Sunday 25 August 2019

Our mammies are a bit like soccer clubs

Stan Collymore in action for my beloved Liverpool in 1997. He's the reason I adore the Reds
Stan Collymore in action for my beloved Liverpool in 1997. He's the reason I adore the Reds

Daniel Gorman

As I awoke from my not necessarily needed beauty sleep on Sunday morning, it felt like any other day.

I got up, did my routine 100 push-ups and 100 sit-ups and hopped in the shower (not all of that last sentence is true. See if you can spot the lies).

After admiring my naked body for a few minutes, I decided to check in on the world via Facebook and Twitter.

Both social media sites were dominated by one thing: well wishes for the mammies.

As I scrolled through them, something hit me. All of these people were wishing their mammies a great day and telling anyone who'd listen (or read) that their mammy was, in fact, the world's best mammy.

And then it dawned on me, how can everyone's mammy be the best?

Only one mammy out there can be the dog's proverbial testicles, only one can be the Don, and, since it's my mammy, what were these other eejits on about?

And then something else occurred to me (it was a day of epiphanies).

Mammies are like football clubs.

I don't mean that they can be bought by mega-rich oil tycoons or that they are the object of millions of men's desires, although perhaps it could be said of my mammy.

Anyway, enough about Susan.

I could say what I like about her because she hasn't seen a sports section of a newspaper in her life.

Here, I'll prove it; Susan is as blind as a bat, is an awful dancer and fancies the pants off David Caruso (the red lad from CSI who delivers a killer one-liner and puts his sunglasses on just as The Who scream 'WOAHHHHHHH').

She'll never see this so can't punish me for it, the filthy farting fecker.

Now, back to sport.

Football clubs are a funny thing. Most of the time, your football club is handed down to you by a parent or brother or uncle.

What starts off so innocently will grow and manifest and become a massive part of your life.

Some unfortunates inherit clubs like Leeds United or Blackburn Rovers but then they'll say that's how they like it because it's their club. And that's my point.

Liverpool Football Club was my first love until the Boss Lady came along.

There is a gravity-like force that draws me to them.

Nobody else in my family likes football (weirdos) so I was left to my own devices to make the life-changing decision of who I would devote my life to.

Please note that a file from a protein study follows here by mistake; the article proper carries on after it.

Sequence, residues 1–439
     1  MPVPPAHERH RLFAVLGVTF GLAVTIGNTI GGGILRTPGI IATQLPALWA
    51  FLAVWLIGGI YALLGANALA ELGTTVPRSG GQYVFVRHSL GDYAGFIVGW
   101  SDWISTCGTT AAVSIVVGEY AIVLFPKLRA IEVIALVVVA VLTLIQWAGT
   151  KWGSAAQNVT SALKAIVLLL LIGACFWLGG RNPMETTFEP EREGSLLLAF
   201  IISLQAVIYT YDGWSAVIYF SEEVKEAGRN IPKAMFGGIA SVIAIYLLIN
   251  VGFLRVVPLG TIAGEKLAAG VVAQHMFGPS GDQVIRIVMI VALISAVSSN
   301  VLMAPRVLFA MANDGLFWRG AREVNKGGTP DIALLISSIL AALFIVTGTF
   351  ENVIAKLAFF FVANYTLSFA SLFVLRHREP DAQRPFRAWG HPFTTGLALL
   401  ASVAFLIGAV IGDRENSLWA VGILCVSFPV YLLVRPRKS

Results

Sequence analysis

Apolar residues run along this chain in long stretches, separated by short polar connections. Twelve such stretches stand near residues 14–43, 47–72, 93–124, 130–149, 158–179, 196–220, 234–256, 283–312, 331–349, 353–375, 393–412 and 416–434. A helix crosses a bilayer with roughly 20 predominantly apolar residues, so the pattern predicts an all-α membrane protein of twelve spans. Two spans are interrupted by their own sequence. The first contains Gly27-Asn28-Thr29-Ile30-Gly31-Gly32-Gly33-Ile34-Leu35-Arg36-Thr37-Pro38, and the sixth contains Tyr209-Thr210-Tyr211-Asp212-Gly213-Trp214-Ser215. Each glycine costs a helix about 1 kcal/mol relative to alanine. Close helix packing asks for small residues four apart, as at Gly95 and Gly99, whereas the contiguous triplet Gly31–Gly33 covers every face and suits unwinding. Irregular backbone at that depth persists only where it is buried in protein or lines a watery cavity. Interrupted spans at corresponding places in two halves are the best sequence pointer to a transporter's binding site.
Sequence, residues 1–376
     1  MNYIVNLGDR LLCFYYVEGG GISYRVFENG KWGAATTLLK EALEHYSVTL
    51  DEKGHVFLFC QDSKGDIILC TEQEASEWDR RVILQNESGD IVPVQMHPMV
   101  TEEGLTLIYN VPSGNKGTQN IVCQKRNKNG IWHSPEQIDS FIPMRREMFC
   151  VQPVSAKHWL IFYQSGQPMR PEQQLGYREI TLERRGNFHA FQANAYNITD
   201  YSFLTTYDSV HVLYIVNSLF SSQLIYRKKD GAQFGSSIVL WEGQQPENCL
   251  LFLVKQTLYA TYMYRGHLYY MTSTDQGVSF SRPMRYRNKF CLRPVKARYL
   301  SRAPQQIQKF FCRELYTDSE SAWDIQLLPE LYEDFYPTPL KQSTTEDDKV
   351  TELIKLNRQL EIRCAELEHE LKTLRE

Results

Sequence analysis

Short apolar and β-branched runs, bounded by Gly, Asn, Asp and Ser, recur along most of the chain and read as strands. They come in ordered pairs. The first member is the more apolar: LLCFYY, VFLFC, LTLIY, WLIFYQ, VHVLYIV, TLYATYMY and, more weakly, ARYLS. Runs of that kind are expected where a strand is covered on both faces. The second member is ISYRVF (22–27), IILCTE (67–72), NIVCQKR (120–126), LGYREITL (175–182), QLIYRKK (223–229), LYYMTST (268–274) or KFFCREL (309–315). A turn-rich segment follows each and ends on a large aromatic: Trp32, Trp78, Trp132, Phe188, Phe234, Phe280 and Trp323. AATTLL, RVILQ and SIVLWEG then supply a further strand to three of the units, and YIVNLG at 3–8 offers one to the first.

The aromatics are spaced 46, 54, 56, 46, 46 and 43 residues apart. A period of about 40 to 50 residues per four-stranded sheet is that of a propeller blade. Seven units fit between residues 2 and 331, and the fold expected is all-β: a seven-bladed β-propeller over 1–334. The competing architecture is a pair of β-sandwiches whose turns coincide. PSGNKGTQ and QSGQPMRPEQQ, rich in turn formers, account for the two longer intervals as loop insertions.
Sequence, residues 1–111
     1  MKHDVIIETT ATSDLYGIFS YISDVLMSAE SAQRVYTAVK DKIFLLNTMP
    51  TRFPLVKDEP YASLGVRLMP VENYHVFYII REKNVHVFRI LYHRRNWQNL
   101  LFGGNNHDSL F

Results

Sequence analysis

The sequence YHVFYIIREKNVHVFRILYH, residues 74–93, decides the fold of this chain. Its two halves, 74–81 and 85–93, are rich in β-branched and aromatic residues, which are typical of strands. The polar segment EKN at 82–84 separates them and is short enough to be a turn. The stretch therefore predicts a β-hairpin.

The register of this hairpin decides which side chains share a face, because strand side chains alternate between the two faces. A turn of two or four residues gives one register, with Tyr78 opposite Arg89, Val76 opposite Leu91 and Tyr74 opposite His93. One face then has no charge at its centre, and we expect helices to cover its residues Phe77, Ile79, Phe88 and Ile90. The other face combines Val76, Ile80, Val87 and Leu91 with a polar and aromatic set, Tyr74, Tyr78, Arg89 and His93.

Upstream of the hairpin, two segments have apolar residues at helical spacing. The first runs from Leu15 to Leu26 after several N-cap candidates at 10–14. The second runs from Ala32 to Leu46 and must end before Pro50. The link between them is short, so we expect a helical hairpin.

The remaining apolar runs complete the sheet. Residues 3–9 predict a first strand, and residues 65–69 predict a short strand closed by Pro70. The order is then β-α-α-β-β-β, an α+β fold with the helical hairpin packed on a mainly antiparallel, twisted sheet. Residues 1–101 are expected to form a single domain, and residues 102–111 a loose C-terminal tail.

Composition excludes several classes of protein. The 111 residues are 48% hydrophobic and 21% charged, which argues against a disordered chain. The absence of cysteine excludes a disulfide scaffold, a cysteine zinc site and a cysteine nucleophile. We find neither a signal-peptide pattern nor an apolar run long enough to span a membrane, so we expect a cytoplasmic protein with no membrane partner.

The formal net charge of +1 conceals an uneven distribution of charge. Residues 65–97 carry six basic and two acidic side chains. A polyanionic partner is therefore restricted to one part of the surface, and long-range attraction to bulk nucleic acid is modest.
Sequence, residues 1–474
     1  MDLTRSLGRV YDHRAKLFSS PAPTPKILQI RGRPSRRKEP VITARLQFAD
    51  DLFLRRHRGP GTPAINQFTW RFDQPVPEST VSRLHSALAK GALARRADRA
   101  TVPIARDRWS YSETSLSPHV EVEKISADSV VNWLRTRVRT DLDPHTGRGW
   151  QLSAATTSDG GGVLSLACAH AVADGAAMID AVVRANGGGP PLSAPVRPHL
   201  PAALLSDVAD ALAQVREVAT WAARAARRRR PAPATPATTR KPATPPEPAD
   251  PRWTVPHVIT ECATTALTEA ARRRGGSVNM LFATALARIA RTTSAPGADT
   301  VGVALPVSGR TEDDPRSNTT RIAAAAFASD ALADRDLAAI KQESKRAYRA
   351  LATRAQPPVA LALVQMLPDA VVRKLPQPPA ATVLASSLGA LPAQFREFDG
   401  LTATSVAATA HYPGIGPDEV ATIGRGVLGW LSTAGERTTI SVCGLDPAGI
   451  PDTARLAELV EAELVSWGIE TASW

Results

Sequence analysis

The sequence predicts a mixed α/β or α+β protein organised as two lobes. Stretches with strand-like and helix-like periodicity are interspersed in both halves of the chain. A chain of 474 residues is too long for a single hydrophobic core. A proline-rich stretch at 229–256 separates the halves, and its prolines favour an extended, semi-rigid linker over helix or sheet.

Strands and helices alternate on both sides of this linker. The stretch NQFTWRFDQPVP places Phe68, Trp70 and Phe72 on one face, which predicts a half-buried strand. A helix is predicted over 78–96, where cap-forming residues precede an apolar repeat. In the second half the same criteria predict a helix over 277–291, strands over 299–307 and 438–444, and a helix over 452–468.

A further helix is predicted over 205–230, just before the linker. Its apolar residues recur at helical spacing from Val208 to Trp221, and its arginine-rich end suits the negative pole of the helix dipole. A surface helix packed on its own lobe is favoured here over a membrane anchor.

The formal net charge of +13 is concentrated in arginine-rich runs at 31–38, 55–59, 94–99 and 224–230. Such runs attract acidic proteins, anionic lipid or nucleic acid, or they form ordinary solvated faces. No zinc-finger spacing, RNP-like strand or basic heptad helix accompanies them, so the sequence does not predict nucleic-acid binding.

And it was while watching a video tape called Ballistics 96 that I made up my mind.

It was essentially a compilation of screamers, bloopers and funny moments of the year 1996 and one of the goals came from Stan Collymore, when a nothing shot from the Liverpool striker took a wicked bobble on the pitch and deceived the goalkeeper.

An innocuous moment but a turning point in my life because for whatever reason, little seven-year-old me took a shine to Collymore and his shiny red kit and that was it, I was sold. Santa Claus had new merchandise on his list.

Five years later I watched on as the mighty Reds racked a treble of FA Cup, League Cup and UEFA Cup.

I was still a bit young to realise what was going on but cheered and hollered appropriately nonetheless.

At 16, I realised the significance of everything as Liverpool won the Champions League in Istanbul but on reflection, I definitely think the me of now would appreciate it more than the me of 2005.

Win, lose or draw, I'll always love Liverpool.

My stomach will always do a little somersault when we score and my bowels will always do a little collapse as we're about to concede.

I'll always scream and go red in the face when we hang on for that vital win and I'll never stop becoming mopey and a pain in the arse if we fail to win (failing to win also means a compulsory avoidance of Match of the Day).

I don't think my passion or love for the club will ever wane but as I get older, it might have less of an effect on me externally.

Or maybe I'll get worse, who knows?

Mothers and football clubs; can't live with them, can't live without them.

Wexford People

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